• Two days of bullying-prevention training dredged up plenty of old school memories earlier this month, most of which I wanted to keep buried.

    Yes, Mom, it's true. I was a bad bully in elementary school and in one of life's lessons in justice, was in turn bullied at times in junior-high school.

    For those who haven't noticed the stories in The News, Tell City-Troy Township School Corp., is taking part in the Olweus Bullying Prevention Program, a well respected effort that strives to help schools and communities reduce bullying of children.

  • Girl Scouts of Raintree Council recently joined nearly 4 million adult and girl members throughout the nation in celebrating Girl Scout Week.

    This year's national observance marked the 97th anniversary of the founding of Girl Scouting by Juliette Gordon Low March 12, 1912.

    Over the years, Girl Scout programs have made a lasting impact on girls' lives by providing activities that help build the courage, confidence and character girls need to grow into confident adults who make the world a better place.

  • A proposal to provide low-cost public transportation in Perry County looks like a good idea, but should be approached with caution.

    Speaking for the director of Ride Solution, an agency providing rides in eight counties, Pat Glenn told county commissioners March 2 the county's transportation advisory committee wants to include Marksman Cab owner Jerry Sprinkle in a partnership they say would benefit everyone.

  • I'm not much into green beer and while I'm a fan of corned beef, I can do without cabbage.

    Tomorrow is St. Patrick's Day and while lots of us will be wearing the green, a lack of Irish heritage doesn't inspire me to truly celebrate the day like those whose family trees have roots in the Emerald Isle. I enjoy reading about Irish history and the nation is near the top of places I still want to explore.

  • Each year the members of Leadership Perry County are charged with designing and delivering a project to improve the lives of the citizens of Perry County. Seventeen years ago a small group of emerging leaders from the first graduating class took on the task of creating the Perry County Community Foundation.

  • The sky is falling! The sky is falling! Or so many media reports about our nation's current economic condition seem to indicate.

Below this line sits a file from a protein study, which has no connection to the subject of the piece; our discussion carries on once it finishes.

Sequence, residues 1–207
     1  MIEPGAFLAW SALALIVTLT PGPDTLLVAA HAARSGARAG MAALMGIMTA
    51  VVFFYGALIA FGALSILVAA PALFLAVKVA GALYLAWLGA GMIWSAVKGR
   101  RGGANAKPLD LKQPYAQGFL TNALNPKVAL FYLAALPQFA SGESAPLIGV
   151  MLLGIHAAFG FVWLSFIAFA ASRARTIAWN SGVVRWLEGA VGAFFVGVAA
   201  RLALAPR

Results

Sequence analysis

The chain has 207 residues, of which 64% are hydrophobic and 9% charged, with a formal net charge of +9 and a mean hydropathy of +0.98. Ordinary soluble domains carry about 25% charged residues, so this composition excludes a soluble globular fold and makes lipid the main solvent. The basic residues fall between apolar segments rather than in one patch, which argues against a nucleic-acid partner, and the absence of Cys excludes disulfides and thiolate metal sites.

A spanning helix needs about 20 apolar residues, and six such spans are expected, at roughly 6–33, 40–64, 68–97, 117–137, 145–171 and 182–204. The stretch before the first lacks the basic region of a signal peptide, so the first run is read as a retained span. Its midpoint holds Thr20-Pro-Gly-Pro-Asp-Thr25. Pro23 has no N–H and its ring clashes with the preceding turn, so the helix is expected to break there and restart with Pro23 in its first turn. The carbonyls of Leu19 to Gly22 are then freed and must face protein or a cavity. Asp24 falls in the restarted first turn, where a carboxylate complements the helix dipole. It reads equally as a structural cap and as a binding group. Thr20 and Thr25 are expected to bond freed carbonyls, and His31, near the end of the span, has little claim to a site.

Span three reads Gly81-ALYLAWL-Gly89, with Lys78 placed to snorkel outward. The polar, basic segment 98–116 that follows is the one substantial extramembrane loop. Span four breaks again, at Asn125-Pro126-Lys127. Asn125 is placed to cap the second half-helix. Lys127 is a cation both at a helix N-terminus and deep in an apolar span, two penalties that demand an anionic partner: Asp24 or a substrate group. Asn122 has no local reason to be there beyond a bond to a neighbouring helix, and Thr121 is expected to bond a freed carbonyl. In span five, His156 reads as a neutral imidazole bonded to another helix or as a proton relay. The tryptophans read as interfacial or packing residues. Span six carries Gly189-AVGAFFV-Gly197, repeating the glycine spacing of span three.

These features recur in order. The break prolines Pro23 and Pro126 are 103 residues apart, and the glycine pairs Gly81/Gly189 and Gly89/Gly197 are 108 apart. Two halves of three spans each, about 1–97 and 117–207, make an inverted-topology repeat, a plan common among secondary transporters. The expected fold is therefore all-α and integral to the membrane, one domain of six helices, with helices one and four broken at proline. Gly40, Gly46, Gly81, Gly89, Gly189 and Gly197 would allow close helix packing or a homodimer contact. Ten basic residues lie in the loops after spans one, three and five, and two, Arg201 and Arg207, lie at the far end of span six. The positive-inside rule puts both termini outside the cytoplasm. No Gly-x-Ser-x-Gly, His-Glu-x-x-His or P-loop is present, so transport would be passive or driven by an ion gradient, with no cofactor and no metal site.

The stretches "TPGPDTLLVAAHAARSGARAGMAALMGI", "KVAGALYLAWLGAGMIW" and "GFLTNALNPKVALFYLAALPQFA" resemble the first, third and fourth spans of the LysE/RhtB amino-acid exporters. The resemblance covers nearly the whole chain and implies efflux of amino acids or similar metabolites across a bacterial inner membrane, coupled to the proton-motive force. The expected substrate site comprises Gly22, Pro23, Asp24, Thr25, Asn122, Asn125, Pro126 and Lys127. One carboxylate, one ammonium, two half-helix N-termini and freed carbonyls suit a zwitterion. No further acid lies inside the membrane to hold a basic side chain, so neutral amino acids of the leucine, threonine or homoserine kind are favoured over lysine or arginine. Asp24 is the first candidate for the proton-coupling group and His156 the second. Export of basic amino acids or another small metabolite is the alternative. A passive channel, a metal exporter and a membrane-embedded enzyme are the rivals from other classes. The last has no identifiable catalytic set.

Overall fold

One of the latest stories to scare people was an Associated Press report last Monday by Tom Raum and Daniel Wagner, who said we may now be in a depression, not just a recession.

    Stocks tumbled most of the week - reaching 12-year lows Thursday - probably partially due to Raum and Wagner's report, as investors were selling and taking their losses, fearful that a depression like that of the 1930s was about to grip the United States.

  • Life teaches us hard, but valuable lessons. One of the most valuable comes as a warning: don't take what we value for granted, especially people. Of all the commodities people put value in, the scarcest, and perhaps most valuable, is time.

    There's no futures market on extra days, months and years. We're only allotted so much of it and when our meter expires, so to speak, we're gone.

  • What is 4-H? I get that question a lot. I have two different answers. 4-H is a community of young people who are learning leadership, citizenship and life skills. But I can also give another answer - 4-H is fun.

    4-H is a chance to help others in your community - whether it is collecting money to purchase items for those less fortunate, going to a nursing home to play bingo just to keep the residents company for one evening or sending cards to troops or veterans. These are all community-service projects Perry County 4-H'ers have accomplished.

  • "Watchmen" comes out tomorrow, but many of you out there may not have a clue what it's about. Sure, there are costumed crime fighters and what appears to be plenty of action, but is this just another comic book movie? No, actually you might say it's the anti-comic book movie.

  • Perry County stands to gain hundreds of thousands - perhaps  even millions - of dollars in federal stimulus spending. That's good news. We welcome needed local investments in roads, streets, sewers and other infrastructure projects that will help our community prosper in the future.